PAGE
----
Sudan Two year training programme started in 2010 with strong support from the government (the Gezira Family Medicine Program). In 2012, 207 FPs graduated from the first batch. Lead the PHC team within the catchment area, comprehensive and community-oriented focus of care Rural community health centres [47, 48]
Uganda Family Medicine was recognized by the government at its inception in 1989. In 2005 a national plan to train 1 FP per 75,000 inhabitants was conceived, but by 2013 only 20 out of these 400 were trained. This plan was revised and scaled up to train 600 FPs by 2025. They are placed in roles as hospital directors and heads of community health departments, as well as clinicians caring for both in- and out-patients. Some head health districts providing leadership to district health teams The Ministry of Health has positions for family physicians in national and regional referral hospitals and district hospitals, urban and rural [13, 49]
Malawi Discussion started in 2001, undergraduate FM clerkship started in 2011 and postgraduate FM training in 2015. Competencies specific to the Malawian context; care provider, consultant, clinical leader and manager, community-oriented primary care leader, mentor and clinical teacher (including support of front-line primary care workers), researcher District-level physicians and in primary health care teams, urban and rural [50]
Botswana In 2008 the Botswana Health Professions Council added FM to the list of registered specialties (they were trained in South Africa). The first school of medicine started in 2009 and FM training started in 2011. The first graduates have been employed in the health system. Generalist doctors who can function within primary hospitals and lead primary care to transform quality and access to health care Primary and secondary hospitals with outreach to the PHC platform [51,52,53,54,55]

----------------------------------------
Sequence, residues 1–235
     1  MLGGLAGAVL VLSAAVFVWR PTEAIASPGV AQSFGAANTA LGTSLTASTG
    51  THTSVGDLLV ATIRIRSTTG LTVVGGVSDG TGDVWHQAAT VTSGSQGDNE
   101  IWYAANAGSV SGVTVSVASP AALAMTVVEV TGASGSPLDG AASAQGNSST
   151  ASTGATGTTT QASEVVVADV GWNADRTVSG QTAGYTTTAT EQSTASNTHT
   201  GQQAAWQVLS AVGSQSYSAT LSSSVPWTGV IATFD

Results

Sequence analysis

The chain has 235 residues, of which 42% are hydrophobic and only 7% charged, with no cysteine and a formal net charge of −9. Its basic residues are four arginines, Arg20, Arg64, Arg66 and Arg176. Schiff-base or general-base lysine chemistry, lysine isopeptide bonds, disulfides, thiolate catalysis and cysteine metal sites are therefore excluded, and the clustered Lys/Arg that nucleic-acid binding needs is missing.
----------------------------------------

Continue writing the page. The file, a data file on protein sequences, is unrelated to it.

Ethiopia Since 2001 the programme has been developed and in 2016 the first FPs graduated. Generalists with internal medicine, pediatrics, surgery, psychiatry, emergency medicine, obstetrics and gynaecology, community medicine and public health competencies in order to lead a primary health care team in a local health care system In well-equipped PHC facilities and district hospitals [56,57,58,59,60]
Zambia The FM training programme scheduled to start in 2015, officially started in 2018. Holistic clinical and preventive care, healthcare management, research and clinical leadership In rural, remote and underserved community-based settings within district health services [61]
Rwanda In 2008 the training programme started, but in 2010 the vision of the Ministry of Health changed, therefore ending the programme. The 9 graduated FPs have been taken up in the health system. Presently none Presently none [18]
Mali In 2017, a Master programme was being implemented. No further information available No further information available [4, 60]
Somaliland In 2017 a Master programme was being implemented. No further information available No further information available [4]